Unless you found yourself in a drunken stupor all of last week, you likely spent much of the week hearing, reading and wondering about Brexit – or the referendum put before British voters on whether to cause their country to exit the European Union. By the slimmest of margins (roughly 52% to 48%), Britons voted to leave the EU. And shortly after the polls closed, Google analytics showed that Britons in large numbers began typing in queries such as “what is the European Union” and “move to Gibraltar”. These are interesting times.

I too spent some time on Friday pondering Brexit (well, Brexit and previous day’s passing of Ralph Stanley) while enjoying a dram of what I believe to be Islay’s best followed by some appropriately Appalachian corn whiskey of questionable parentage. And as I sat and pondered (and felt the effects of the whiskey on my frailing hand), I began to wonder – what impact (if any) will Brexit have on the spirits industry? This is, after all, a bit of a big deal – given that sales into the EU of single-malt Scotch whisky alone constituted almost £366 million in 2015.

In the discussion leading up to the Brexit vote, British Prime Minister David Cameron suggested that leaving the EU would be a blow to the British spirits industry. While their country was part of the EU, British spirits producers could sell their products throughout EU member states without application of tariffs and with the benefit of a uniform set of regulatory requirements. Outside of the EU, these same producers may (or may not) be subject to new tariffs which make their products more expensive to European consumers. However, it seems somewhat unlikely that the producers will be subject to new regulatory requirements – or that they will escape from existing requirements for selling onto the continent. Rather, the EU and member governments will likely continue to require that British producers toe the line of EU regulations.

But what about the currency? That’s where things begin to get particularly interesting.

Upon the announcement of the results of the referendum, the value of the British Pound relative to the US Dollar fell to a 31-year low (an 11.5% decline from the day prior to the referendum). Is that a good thing? Well it depends a bit on your perspective. If you’ve got the perspective of a 40-something fellow sitting on his couch in the U.S. and enjoying a bit of Laphroaig, then it may not be too bad. From a purely hypothetical standpoint, that peaty concoction just got quite a bit cheaper.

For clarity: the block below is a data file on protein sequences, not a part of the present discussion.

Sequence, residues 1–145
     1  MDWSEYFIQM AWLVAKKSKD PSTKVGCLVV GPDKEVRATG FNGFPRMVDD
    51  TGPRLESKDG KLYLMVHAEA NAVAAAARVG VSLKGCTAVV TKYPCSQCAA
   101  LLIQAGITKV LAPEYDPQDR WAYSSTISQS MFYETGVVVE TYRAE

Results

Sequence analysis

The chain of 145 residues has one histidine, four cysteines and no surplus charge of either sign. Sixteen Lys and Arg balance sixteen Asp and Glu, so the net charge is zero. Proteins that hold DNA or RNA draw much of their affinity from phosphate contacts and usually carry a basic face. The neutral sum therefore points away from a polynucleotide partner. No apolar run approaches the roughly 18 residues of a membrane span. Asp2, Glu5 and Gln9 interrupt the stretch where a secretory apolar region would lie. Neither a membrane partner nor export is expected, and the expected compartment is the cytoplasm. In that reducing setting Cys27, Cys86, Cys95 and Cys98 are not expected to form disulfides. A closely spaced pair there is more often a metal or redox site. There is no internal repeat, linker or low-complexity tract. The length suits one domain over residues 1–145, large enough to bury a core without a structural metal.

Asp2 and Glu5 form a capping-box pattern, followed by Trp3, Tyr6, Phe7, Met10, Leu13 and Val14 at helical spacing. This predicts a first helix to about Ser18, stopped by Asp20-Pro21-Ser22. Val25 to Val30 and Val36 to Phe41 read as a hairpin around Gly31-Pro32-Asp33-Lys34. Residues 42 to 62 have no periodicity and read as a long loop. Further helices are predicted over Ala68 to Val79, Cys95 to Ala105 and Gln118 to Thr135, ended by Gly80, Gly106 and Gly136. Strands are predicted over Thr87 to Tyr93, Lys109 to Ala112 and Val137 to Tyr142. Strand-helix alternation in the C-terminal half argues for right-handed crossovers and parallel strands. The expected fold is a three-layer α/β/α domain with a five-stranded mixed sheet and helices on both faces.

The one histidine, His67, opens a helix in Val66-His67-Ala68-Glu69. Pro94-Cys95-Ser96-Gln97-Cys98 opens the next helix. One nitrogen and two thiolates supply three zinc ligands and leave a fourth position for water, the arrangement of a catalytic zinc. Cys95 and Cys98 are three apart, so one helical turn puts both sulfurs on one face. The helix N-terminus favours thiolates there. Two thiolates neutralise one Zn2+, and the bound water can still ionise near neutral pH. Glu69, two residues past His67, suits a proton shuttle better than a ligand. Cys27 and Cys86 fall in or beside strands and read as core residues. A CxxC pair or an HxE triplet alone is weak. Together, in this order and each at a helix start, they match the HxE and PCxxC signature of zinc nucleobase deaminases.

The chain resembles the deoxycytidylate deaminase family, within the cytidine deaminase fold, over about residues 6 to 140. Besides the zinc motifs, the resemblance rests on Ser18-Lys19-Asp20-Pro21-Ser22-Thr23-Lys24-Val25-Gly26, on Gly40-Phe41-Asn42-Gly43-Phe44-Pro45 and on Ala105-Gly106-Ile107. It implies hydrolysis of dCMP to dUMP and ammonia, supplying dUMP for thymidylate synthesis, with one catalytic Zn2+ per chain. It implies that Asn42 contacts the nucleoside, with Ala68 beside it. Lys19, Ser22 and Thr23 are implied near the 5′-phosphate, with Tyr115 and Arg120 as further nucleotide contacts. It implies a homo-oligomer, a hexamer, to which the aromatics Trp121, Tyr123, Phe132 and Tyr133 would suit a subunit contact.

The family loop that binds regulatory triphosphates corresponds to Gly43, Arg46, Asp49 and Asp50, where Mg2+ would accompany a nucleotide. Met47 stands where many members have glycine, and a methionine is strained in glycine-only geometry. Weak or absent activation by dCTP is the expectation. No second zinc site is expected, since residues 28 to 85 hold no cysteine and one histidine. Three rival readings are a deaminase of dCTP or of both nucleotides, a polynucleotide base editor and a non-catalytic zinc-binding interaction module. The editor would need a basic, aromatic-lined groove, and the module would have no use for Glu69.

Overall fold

But if you’re blessed (or perhaps cursed) with a somewhat broader perspective, you may be less excited about this change. Sure, the weaker Pound means that our imports of their whisky should be less expensive, but it also means that their imports of our whiskey should be more expensive. For small producers in the U.S. who are selling into the UK through purchase and sale agreements denominated in U.S. dollars, our hooch just got more expensive for UK buyers. What does that mean? In all likelihood it means that bourbon aficionados in London will buy less of our wares. Could that quell the ongoing bourbon renaissance? Perhaps not, but as the UK is the fifth largest economy in the world the currency hit (if long-lived) should have some effect on overall sales.

So where does this all leave us? Uncertainty. After all, it is the uncertainty of the Brexit vote itself that caused markets to swoon. That uncertainty continues today (as do the challenges in the market). And to compound things, it is unclear when the uncertainty will begin to abate. For example, we don’t yet know when Britain will actually leave the EU. Similarly, it isn’t clear whether Scotland will use the Brexit vote as a springboard to reconsider its independence from the United Kingdom. And of course it isn’t certain whether and when other EU member states will follow their own path to EU departure (e.g., “Grexit”) – though it certainly appears that such a movement is underway.

All this uncertainty is enough to make a fellow want a drink.